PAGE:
Today we kicked off Hacking Sessions 2015. Saturday morning with sixty kids in a room brainstorming ideas. Soon they'll settle on teams and projects and we'll be off for a semester of exploring CS and tech.
The next couple of weeks will be a little chaotic with groups shifting, mentors figuring out which groups to work with and us, the instructors launching each team on its way.
This is our third year running Hacking Sessions. We're setting things up to have student teams exploring a project, technology, or tool. Each team will have more experienced students mentoring them. In some cases the mentors will also be new to the topic. Supporting both the hackers and mentors are our instructors.
I'm pretty happy with our model but it took us a couple of iterations to get here.
Our first go round was Fall 2013. We had just started CSTUY and wanted to get something started prior to launching a summer program. SumAll provided us with space and we were able to attract a small cadre of kids. We had a few of our older students as teaching assistants and ran the program with a mix of instruction and projects. Over the year we saw that a Saturday program presents a number of challenges:
- Students have other obligations on Saturdays such as athletic teams. This can lead to inconsistent attendance.
- SATs also kill attendance
- You can't count on the participants to work between the sessions.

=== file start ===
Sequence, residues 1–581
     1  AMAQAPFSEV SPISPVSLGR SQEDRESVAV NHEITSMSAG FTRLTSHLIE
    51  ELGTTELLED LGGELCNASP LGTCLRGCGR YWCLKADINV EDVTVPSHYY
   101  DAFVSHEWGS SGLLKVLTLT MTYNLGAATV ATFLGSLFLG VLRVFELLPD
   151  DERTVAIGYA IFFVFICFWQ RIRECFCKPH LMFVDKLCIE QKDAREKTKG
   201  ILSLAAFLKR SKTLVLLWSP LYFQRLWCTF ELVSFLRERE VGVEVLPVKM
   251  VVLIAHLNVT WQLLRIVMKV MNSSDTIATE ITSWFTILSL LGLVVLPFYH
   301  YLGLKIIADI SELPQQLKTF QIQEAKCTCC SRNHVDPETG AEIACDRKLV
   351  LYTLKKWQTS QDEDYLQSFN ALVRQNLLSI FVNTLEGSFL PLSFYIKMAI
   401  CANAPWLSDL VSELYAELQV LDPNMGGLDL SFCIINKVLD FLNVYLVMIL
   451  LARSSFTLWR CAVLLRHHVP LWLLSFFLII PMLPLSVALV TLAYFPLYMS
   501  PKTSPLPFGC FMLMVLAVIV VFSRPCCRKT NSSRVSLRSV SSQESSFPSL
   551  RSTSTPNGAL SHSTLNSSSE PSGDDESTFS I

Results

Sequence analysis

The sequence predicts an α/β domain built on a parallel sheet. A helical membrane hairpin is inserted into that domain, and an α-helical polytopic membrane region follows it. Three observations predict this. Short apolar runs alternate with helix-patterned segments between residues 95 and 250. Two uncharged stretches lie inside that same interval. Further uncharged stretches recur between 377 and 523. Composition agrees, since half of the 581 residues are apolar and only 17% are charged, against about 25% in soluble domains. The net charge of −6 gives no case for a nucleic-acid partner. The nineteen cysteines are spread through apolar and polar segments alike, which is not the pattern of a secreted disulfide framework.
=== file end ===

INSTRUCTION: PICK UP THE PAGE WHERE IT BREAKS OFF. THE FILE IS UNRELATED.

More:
- Lateness can be an issue early on a Saturday morning.
- Once a week makes building a community a challenge.
- kids have enough classroom learning during the week. Saturday should be a change of pace.
We learned a lot that year and ran V2.0 the following fall. Second time around we had the advantage of bringing in kids from our summer program to seed the culture. We also knew we wanted to move to more of a project / mentor based model but due to space restrictions couldn't really get to where we wanted to be.
That changed halfway through when SumAll moved to larger offices. By the end of the year, I think we worked out most of the kinks. We figured out how to get the kids into teams and pointing in the right direction as well as how to find the right mentors and provide them with support. The only thing we weren't happy with was that the mentors didn't have enough time to work on their own projects.
Now we're in V3.0. Thanks to our kickstarter, we're fully funded and somehow word seems to have gotten out. Numbers are way up and I think we've finally gotten the model down.
As with anything new, it takes time and revisions to get things right but as long as one leaves the kids with a net positive and as long as one can look at oneself with a critical eye, you eventually get there.
Looking forward to a great year.